Power shortage in Pyongyang prompts residents to move to older housing

Two stories out with similar themes:

The first is from the Daily NK:

Many of the residents of luxury apartments in Pyongyang are leaving their homes for the heated homes of relatives or other warmer locations.

An inside source who visited Pyongyang at the end of last month said in a phone interview with the Daily NK today, “People previously had no supplies of water so didn’t have drinking water and could not go to the bathroom without difficulty, but now that there are heating problems too the people are inevitably leaving their homes. This year, many people are locking their homes and leaving for warmer places.”

The source said, “When I went to Pyongyang just three years ago, the people still stayed in their apartments even without heat, but now half of them are gone, they went to East Pyongyang where the pre-1980s homes are heated with charcoal briquettes.”

The source added, “Even until last year, the residents in these apartments spent the whole winter season there with cotton blankets on the floor all day long, filling pint bottles with hot water to warm their blankets when they slept; however, as the situation has gotten worse this year whole families cannot take any more and have chosen to leave their homes behind.”

The 20-40 storey apartments on Gwangbok and Tongil Streets, which are boasted of by the North Korean authorities for their modernity, are among those falling into dilapidation.

The source explained, “If the rooms had just enough lukewarm water that they wouldn’t freeze we could live, but now they are not even able to do that. Nobody knows when heat will come.”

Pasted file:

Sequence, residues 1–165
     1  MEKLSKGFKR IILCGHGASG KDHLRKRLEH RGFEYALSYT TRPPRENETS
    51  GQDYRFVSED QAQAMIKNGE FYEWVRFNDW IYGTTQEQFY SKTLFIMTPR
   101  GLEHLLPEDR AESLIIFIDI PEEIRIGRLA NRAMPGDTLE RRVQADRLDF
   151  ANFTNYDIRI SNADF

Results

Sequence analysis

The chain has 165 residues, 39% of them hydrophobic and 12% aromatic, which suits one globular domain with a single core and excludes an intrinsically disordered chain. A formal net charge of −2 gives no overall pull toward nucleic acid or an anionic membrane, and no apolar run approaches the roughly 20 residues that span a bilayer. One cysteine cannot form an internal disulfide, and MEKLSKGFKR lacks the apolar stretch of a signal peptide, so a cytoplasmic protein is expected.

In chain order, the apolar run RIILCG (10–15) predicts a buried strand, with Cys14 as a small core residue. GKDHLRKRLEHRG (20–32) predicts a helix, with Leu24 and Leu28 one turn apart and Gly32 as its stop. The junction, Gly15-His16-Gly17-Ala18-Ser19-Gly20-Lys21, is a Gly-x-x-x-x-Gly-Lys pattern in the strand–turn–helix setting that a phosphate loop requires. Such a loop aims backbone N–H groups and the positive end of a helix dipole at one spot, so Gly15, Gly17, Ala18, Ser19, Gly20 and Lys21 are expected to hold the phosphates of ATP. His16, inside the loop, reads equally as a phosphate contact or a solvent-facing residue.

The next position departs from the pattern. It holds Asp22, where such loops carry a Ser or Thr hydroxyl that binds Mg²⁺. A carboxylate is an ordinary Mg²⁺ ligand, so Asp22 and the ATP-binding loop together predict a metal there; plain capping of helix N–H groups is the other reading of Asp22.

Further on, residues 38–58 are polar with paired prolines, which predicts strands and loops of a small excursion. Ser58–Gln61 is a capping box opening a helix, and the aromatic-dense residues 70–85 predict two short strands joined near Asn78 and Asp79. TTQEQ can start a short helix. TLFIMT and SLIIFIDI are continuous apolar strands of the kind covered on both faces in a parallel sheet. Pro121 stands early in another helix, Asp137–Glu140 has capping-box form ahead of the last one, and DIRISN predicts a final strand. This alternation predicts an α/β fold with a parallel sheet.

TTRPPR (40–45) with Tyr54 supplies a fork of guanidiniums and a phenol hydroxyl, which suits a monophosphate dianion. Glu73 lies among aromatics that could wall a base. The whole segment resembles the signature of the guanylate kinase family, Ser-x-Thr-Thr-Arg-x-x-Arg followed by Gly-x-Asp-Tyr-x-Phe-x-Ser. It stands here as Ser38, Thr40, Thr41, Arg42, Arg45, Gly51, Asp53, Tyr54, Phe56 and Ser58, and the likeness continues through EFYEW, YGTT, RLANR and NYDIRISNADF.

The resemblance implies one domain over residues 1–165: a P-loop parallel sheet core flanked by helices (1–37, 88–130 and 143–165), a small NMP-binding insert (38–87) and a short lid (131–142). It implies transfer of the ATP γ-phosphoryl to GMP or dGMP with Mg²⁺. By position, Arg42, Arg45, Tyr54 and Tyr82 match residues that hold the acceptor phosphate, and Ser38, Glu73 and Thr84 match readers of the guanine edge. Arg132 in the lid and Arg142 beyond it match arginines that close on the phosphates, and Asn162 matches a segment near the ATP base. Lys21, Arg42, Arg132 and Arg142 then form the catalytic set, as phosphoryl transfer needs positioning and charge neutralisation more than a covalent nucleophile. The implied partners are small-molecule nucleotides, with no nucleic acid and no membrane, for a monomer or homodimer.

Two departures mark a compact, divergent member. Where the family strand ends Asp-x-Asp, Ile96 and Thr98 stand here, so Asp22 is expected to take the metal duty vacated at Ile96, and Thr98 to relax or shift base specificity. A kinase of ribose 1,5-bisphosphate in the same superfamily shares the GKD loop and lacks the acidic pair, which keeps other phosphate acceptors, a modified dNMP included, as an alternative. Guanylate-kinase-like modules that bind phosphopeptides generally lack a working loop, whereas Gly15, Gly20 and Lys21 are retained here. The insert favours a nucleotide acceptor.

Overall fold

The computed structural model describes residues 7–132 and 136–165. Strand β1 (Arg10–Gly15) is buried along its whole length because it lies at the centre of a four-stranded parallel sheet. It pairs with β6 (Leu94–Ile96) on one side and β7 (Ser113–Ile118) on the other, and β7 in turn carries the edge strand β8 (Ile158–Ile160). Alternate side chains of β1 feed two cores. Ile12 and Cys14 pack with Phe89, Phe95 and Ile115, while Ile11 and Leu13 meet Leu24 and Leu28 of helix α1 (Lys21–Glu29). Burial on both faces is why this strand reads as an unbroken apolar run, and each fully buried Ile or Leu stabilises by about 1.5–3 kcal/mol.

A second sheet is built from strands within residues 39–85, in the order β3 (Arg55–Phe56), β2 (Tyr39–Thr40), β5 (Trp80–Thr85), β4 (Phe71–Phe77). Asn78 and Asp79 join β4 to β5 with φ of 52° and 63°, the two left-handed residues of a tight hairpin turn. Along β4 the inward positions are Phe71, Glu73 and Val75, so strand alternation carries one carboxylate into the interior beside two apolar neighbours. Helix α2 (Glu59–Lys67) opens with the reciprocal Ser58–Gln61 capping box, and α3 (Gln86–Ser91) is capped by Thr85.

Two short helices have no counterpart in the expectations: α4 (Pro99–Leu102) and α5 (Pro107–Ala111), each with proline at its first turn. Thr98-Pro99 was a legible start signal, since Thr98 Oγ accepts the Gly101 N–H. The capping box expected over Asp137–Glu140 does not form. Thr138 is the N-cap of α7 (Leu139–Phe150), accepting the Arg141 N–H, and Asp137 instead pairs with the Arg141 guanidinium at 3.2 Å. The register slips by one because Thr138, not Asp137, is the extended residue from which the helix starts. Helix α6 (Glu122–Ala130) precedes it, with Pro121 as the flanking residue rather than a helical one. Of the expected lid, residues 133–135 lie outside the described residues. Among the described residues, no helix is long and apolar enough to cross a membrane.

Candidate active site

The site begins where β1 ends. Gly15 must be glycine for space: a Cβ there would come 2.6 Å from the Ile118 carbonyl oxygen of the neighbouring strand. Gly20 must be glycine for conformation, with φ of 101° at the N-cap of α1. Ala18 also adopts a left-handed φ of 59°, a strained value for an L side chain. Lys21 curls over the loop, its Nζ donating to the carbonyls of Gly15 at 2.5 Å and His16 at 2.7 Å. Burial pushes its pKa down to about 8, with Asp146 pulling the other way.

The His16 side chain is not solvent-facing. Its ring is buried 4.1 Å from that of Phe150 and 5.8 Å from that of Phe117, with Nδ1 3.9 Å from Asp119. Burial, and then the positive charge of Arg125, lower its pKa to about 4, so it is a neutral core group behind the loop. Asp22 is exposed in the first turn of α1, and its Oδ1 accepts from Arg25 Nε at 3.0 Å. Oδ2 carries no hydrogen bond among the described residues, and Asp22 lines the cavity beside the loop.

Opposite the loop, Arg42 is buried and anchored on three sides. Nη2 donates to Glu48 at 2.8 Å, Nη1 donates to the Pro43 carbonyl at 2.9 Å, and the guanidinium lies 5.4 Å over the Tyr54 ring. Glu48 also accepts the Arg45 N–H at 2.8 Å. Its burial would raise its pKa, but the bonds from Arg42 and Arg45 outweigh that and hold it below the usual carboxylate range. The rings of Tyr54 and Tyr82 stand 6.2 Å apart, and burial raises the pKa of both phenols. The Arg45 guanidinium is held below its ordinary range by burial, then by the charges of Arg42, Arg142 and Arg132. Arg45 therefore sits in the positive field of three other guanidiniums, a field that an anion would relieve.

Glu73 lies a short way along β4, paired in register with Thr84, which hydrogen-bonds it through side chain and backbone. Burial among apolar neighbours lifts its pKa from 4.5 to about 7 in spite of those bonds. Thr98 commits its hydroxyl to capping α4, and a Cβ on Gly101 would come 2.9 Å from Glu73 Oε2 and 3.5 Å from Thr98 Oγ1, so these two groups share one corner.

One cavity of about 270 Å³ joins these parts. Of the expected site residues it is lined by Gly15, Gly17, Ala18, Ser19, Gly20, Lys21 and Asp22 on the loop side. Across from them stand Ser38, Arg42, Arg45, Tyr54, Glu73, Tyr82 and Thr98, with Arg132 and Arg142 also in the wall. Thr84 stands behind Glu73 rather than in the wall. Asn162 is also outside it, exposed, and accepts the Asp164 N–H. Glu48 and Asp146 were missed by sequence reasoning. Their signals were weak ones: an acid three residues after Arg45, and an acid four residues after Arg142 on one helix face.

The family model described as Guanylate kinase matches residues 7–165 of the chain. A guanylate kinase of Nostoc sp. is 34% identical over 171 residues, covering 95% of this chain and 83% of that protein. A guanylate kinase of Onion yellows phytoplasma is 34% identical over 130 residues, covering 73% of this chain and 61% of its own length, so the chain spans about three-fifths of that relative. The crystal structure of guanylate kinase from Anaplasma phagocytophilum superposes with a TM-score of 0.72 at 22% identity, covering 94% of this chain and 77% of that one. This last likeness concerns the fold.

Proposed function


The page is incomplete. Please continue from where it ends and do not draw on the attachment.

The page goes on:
Among many North Korean people, the situation is such that the letter ‘ㄹ’ has come to be ridiculed, with people saying that they suffer from a particular lack of words that have the letter ‘ㄹ’ in them, for example, water (‘물’), fire/electric (‘불’), and rice (‘쌀’).

The second story is from Reuters:

North Korea’s capital faces its worst electricity shortages in years just as a new leadership takes power in the impoverished state and pushes ahead with lavish building projects to celebrate the centenary of its founder’s birth.

The Pyongyang-based diplomat, who asked not to be named, said the city of 3 million and home to the leadership elite, has seen daily power supplies almost evaporate as freezing winter temperatures bite.

“Embassies and others with generators are using them most of the time to compensate both for poor quality and cuts, and I can tell you that power problems are a main issue of discussion,” said the diplomat, one of a small number of foreigners allowed to live in the country.

“We certainly assess that there is more darkness on the streets and in the residential blocks in the evening than before/during the mourning period (for Kim Jong-il).”

The young Kim Jong-un has been declared the country’s new “supreme leader” following the death of his father Kim Jong-il in December.

Fuel shortages have long been a chronic problem in North Korea which is heavily sanctioned by the outside world for a series of nuclear and missile tests.

Temperatures in the capital on Wednesday hit -19 Celsius (-2 Fahrenheit).

This winter’s outages have coincided with Pyongyang’s building spree to mark the 100th anniversary this year of the birth of founder Kim Il-sung — the current leader’s grandfather — including building 100,000 new homes in the capital.

The North is also struggling with chronic food shortages, with United Nations’ food agencies estimating nearly 3 million people will need food assistance this year.

Read the full stories here:
No Electricity, No Water, No Patience
Daily NK
Choi Song Min

North Korea Power Cut: Pyongyang Diplomat Says Capital Faces Worst Electricity Shortages In Years


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